• Don't just link to newspaper article about your people doing things, link to their blogs directly
          • Google Authorship in Google+ (https://plus.google.com/authorship);
            • Helps you connect the flow among the stuff you offer
          • Google+ is something we all should start using
      • The Inevitable Question: Does it work?
        • Measure everything
        • Aggregate content by template type to get an idea of which templates work
        • Test everything
        • Crazyegg (http://www.crazyegg.com/) measures scroll distance on page
      • Mythinterpretations; assumptions people make that are not true
        • Weird Must = Bizarre
          • Weird is any passionate niche
        • I needs lots of links
          • Bad links are bad
        • I need to repeat my key phrase many times
          • Topics take care of themselves
        • There is no ROI
          • Social media is cheap, the payoff can be huge
      • Inspiration speech
        • This is hard
        • Can't quit
        • Always works
        • The significant shall inherit the Internet
  • Sitechecker & Accessibility - You've probably heard about a great tool that many of us use called SiteImprove that finds spelling errors and broken links on our websites. Did you know it also checks your site’s accessibility? Learn more from Gina Hills and Terrill Thompson, the UW’s IT accessibility specialist.
    • SiteImprove - Gina Hills
      • Looks for broken links, spelling, accessibility problems; doing a lot of leg work for us finding things on our many pages
      • Current license is only for 50,000 pages
        • First year, a number of offices contributed to costs; seeking more who can contribute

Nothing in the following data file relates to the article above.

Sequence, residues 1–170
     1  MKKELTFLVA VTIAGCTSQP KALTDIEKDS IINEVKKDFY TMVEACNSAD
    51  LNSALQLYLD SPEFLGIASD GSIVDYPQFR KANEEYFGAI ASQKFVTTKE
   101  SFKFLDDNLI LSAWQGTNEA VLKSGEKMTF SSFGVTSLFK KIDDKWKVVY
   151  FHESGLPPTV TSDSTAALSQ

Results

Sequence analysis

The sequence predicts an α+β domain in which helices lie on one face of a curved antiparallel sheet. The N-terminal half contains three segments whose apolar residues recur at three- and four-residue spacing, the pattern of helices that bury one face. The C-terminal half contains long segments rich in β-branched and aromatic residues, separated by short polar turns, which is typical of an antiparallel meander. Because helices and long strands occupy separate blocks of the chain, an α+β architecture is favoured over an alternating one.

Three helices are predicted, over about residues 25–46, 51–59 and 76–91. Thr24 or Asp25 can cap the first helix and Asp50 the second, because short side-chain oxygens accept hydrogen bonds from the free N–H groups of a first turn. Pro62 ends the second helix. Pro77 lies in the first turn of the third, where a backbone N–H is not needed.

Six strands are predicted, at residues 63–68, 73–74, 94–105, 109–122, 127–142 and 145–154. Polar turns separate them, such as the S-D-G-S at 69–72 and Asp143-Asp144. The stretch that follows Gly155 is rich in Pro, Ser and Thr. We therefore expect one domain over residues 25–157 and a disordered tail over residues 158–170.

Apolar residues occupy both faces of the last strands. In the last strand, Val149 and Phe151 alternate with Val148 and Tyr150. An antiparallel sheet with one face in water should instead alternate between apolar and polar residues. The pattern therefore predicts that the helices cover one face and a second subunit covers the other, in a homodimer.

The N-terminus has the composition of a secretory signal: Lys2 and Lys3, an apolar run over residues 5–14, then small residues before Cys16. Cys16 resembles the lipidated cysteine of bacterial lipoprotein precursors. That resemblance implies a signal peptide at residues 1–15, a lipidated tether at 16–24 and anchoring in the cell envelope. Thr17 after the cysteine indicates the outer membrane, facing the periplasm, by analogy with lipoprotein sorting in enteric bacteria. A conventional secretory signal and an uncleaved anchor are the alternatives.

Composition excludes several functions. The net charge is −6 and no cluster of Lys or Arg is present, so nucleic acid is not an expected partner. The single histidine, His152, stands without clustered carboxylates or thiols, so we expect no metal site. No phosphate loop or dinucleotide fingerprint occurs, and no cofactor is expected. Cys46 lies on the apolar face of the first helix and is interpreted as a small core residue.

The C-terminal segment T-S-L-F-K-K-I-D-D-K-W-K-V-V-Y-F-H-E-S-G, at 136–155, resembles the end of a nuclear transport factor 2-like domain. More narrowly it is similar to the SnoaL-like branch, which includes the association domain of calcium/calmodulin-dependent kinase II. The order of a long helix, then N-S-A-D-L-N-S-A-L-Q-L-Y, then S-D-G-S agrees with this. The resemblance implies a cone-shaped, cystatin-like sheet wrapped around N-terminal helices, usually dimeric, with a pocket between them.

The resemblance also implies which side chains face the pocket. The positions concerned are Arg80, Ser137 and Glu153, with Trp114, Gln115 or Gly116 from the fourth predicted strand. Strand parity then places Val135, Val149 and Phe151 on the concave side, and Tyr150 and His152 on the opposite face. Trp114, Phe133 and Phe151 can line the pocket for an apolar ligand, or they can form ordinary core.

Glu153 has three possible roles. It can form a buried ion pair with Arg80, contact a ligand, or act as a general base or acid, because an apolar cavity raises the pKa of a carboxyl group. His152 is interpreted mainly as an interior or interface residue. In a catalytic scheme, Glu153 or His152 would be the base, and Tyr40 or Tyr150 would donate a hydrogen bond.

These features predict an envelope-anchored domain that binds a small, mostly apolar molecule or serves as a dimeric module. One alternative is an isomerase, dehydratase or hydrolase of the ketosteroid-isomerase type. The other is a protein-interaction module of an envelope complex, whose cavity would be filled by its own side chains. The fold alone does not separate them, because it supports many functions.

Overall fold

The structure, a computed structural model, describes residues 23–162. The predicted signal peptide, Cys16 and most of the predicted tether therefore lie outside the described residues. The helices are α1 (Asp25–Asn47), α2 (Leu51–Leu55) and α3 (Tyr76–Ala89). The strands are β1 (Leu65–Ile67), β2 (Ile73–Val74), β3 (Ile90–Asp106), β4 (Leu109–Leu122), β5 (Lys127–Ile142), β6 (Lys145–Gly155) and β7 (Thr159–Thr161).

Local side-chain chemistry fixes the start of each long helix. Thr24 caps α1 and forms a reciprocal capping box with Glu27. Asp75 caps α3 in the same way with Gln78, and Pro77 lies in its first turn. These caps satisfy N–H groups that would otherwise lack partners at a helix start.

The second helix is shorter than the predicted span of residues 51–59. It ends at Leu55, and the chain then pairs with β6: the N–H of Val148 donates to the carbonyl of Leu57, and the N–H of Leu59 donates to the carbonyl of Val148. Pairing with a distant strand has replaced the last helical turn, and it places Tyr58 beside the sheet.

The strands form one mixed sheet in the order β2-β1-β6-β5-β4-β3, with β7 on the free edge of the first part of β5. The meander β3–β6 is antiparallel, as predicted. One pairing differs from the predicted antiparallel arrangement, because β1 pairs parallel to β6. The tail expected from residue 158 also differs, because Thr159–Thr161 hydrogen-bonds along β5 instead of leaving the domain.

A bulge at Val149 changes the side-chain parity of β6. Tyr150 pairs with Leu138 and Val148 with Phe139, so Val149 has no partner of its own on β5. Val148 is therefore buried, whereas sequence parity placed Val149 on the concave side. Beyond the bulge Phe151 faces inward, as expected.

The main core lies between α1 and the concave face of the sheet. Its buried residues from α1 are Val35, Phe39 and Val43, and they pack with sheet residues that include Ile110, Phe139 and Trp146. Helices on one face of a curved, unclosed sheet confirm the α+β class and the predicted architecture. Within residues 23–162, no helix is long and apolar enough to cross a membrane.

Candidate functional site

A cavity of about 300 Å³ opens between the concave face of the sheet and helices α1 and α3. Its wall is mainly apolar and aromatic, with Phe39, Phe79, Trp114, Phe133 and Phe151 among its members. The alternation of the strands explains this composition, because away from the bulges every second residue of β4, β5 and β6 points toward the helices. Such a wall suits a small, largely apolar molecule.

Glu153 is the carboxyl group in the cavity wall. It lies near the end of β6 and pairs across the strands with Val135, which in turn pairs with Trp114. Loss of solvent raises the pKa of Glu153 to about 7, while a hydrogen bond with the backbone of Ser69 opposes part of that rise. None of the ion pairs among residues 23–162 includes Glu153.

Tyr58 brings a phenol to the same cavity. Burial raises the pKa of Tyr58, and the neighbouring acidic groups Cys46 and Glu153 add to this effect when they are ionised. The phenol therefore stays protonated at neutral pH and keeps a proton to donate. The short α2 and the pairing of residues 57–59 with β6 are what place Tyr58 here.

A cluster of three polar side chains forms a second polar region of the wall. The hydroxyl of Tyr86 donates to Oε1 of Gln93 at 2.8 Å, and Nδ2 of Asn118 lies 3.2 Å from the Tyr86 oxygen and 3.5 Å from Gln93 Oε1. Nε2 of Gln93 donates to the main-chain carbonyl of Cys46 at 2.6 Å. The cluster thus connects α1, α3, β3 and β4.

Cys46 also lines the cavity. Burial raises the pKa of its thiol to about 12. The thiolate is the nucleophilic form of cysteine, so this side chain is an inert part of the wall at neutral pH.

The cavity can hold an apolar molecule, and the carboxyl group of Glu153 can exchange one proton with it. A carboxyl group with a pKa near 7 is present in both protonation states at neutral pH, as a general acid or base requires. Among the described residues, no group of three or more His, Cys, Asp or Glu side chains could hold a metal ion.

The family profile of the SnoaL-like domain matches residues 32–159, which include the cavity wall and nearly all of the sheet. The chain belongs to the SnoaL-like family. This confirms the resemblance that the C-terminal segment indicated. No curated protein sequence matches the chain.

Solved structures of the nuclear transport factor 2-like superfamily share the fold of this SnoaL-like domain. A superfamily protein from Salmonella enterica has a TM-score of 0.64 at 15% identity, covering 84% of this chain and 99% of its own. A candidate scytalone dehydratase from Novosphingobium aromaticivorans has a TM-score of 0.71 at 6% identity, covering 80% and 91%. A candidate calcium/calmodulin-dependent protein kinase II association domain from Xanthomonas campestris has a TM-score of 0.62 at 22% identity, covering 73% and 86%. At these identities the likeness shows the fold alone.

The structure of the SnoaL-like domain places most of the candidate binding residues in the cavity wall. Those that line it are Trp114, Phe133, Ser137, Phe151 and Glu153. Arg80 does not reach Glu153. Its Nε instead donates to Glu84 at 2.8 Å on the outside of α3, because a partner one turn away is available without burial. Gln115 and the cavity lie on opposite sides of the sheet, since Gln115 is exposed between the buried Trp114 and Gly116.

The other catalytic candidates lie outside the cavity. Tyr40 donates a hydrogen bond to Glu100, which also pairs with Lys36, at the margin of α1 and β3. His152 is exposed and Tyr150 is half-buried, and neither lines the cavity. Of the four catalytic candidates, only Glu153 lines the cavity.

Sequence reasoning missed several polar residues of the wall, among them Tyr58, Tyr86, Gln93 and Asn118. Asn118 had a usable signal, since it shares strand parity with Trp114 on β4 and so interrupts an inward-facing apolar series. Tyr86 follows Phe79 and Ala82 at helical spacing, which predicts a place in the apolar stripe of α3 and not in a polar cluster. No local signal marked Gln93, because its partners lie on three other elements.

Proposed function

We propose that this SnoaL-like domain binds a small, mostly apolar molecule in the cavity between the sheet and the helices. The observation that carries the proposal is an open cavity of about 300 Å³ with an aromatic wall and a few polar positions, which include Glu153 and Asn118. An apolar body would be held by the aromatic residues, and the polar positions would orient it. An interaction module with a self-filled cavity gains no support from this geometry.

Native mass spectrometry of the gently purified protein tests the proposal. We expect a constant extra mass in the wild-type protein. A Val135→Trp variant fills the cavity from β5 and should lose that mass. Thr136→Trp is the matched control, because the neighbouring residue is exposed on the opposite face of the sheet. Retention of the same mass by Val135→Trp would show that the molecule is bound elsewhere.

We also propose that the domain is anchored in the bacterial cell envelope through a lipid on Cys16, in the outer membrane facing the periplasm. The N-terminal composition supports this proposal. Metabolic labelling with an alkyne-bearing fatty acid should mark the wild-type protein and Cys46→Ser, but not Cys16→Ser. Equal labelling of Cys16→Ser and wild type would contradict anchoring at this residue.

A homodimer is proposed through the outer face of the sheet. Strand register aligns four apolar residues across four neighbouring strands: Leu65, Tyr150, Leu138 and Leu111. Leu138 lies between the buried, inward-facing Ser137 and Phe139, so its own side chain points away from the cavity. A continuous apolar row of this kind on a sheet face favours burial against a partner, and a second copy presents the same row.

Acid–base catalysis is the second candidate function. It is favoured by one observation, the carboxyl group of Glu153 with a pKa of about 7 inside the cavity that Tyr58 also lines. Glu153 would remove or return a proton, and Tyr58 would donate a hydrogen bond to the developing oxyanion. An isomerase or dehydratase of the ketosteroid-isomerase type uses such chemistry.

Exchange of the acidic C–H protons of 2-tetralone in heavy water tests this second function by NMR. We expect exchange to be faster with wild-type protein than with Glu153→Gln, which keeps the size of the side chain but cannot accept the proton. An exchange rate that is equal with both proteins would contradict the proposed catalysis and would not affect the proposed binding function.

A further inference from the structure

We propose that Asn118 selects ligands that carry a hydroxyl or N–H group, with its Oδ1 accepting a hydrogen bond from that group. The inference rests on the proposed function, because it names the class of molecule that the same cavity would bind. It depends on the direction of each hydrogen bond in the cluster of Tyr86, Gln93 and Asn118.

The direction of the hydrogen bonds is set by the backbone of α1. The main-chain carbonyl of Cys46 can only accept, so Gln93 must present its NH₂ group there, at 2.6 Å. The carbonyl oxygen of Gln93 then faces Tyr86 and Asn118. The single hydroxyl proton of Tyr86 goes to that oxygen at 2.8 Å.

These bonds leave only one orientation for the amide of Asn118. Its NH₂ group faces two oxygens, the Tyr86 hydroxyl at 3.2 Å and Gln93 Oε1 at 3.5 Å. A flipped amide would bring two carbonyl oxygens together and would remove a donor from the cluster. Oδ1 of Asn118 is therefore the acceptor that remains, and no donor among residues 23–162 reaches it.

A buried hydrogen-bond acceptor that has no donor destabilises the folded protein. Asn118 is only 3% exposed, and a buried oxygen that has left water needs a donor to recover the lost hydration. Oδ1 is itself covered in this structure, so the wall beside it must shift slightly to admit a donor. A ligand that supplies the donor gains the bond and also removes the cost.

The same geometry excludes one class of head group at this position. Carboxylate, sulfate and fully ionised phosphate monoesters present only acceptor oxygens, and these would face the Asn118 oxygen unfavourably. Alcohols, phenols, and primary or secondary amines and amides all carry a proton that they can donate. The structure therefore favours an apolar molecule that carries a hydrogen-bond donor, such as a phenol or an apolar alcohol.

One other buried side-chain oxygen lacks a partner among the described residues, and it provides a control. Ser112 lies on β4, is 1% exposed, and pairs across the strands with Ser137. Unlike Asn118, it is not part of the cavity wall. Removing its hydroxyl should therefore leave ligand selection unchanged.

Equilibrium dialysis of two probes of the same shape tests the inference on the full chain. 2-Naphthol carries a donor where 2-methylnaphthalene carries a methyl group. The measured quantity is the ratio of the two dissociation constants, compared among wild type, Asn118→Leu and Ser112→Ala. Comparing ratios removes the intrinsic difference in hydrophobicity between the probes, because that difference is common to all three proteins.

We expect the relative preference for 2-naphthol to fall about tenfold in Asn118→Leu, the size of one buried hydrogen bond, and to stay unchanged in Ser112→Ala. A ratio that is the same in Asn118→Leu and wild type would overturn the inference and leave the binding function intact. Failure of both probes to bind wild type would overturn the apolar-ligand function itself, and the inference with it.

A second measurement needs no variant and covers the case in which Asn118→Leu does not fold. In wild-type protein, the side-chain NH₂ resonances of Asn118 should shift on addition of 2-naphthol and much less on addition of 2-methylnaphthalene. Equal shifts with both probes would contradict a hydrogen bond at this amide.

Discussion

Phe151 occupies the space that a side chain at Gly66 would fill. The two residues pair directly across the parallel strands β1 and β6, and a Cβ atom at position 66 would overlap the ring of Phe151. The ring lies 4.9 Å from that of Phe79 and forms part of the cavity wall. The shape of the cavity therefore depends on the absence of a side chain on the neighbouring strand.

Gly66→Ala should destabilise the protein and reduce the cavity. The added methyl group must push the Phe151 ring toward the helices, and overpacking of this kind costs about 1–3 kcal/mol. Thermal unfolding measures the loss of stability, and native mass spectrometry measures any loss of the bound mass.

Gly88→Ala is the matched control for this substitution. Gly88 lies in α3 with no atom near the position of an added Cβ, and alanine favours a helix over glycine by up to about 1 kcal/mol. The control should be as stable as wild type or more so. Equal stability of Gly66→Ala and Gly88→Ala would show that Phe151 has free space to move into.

• Two Years of SiteImprove - Terrill Thompson
      • Started in April, 2011
      • Currently have 54 websites; up for renewal
      • Provides accessibility data, based on W3C WCAG 2.0;
        • Requirements are not clear, but Department of Justice will be releasing guidelines in July
        • Gives summary; you can drill down to specific data by page
        • Lets you learn what needs to be fixed; then you fix it
        • Nice tool for getting to know about accessibility
      • How are we doing
        • 4265 broken links fixed in year 1
        • 2124 broken links fixed in Year 2
        • 1524 broken links introduced in year 1
        • Accessibility
          • 53,648 measurable level A errors
          • 7,985 measurable level AA errors
          • 25,279 mesurable level AAA errors
        • First Annual UW Siteimprove Awards
          • Most improved for broken links
            • Engineering
            • School of Public Health
            • UW Medicine
            • School of Dentistry
          • Spelling
            • Alumni
            • State Relations
            • UW Medicine
            • School of Dentistry
          • Accessibility
            • UW Medicine
            • Office of Minority Affairs & Diversity
        • Accessibility consulting available for Access Technology Center (atcenter@uw.edu)
  • Mobile Minute – A new feature starting this month!
    • Inviting people to share information sharing about their mobile projects
    • New mobile apps or websites
  • Code Camp - Get a short summary of what happened and how it went. Learn about our early expectations, insight into the ways we kept everything cheap and the overall success of the event. We'll also give you a sneak peak at some early survey numbers and take-aways from attendees.
    • Big success; good presentations, active interest groups, went from 10 a.m. to 3 p.m.
    • Conducted as an unconference; generated by the community, informal
    • Had over 200 attendees; most will attend again
    • Many people met people they had not met before
    • People want to do it again